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Panasonic, the last major CE manufacturer to hold out with a proprietary application platform has decided to open the gates and is coming out with a software development kit sometime this year, according to a report in the Los Angeles Times.The bad news is they are rolling out their own code base, creating yet another platform for developers to deal with. Sony, LG, Philips, Toshiba, and Samsung all have their own TV application platforms.
Panasonic was an early proponent of connected TVs, rolling out the first models in 2008. But it has been more cautious than its rivals, keeping a tight lid on the apps available for its sets. This year it plans to take a less restrictive approach, offering a software development kit to the public for use by would-be app writers. Yet like several of its competitors, it's sticking with a custom platform that developers have to tailor their software to, further fracturing the market and delaying the introduction of new apps.
On another note, it seems that the company is also moving towards a full on two screen experience in the living room by releasing a Viera Tablet sometime later this year in Japan.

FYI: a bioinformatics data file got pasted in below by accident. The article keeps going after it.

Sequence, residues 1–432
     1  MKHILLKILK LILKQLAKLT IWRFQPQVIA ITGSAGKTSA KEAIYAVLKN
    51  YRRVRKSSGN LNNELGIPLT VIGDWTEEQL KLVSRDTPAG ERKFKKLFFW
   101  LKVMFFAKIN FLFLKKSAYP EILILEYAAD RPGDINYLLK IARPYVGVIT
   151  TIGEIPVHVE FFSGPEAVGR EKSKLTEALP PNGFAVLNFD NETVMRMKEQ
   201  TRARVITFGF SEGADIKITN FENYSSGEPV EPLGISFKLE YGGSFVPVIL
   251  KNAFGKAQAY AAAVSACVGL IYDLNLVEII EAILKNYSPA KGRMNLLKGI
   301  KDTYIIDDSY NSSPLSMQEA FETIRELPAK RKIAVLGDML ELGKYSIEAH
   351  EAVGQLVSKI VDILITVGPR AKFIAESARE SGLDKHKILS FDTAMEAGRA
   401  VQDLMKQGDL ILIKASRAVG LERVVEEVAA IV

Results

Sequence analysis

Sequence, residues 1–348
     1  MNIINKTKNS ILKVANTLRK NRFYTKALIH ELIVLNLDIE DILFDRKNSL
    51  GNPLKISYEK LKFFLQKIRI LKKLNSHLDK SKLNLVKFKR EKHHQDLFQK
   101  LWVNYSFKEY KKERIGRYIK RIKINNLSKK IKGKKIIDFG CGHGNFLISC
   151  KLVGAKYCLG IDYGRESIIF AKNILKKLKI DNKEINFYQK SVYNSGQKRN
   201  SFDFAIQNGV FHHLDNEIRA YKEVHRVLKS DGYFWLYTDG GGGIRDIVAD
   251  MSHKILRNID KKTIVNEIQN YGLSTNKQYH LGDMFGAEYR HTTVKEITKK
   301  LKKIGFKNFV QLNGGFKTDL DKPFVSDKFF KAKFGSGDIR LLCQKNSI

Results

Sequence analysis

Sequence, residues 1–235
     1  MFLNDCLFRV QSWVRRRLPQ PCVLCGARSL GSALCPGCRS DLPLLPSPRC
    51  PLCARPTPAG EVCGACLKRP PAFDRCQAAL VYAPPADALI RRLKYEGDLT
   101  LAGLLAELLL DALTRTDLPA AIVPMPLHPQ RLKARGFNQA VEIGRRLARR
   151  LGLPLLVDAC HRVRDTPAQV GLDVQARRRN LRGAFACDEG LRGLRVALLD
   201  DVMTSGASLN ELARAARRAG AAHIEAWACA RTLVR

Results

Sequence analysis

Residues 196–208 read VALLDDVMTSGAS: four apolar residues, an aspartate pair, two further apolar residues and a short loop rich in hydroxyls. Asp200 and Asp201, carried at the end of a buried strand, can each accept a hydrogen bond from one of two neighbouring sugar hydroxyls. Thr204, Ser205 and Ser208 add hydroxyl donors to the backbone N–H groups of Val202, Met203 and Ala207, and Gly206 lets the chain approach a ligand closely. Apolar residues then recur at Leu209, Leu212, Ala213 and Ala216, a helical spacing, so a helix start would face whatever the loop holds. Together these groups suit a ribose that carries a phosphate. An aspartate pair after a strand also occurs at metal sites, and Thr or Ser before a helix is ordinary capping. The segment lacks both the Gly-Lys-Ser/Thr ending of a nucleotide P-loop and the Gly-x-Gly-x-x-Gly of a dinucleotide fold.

Rather than browse the Net, the chunky Viera Tablet browses applications on a Viera Connect set. Content streams from the set to the tablet wirelessly, so it appears the tablet won't be of much use once it's out of the TV's Wi-Fi range.
The thinking behind the device, Panasonic's Peter Fannon said, is that it will serve as a second screen in the living room, enabling users to explore content related to what they're watching on the big screen. For example, they could check scores and statistics on the tablet while watching a ballgame on the TV, or read the tweets about an awards show while it's playing on their set. It also doubles as a touch-screen remote control. And for a gee-whiz effect, users can swipe the surface of the tablet toward their Viera Connect TV to move to the TV screen whatever they've been watching on the tablet.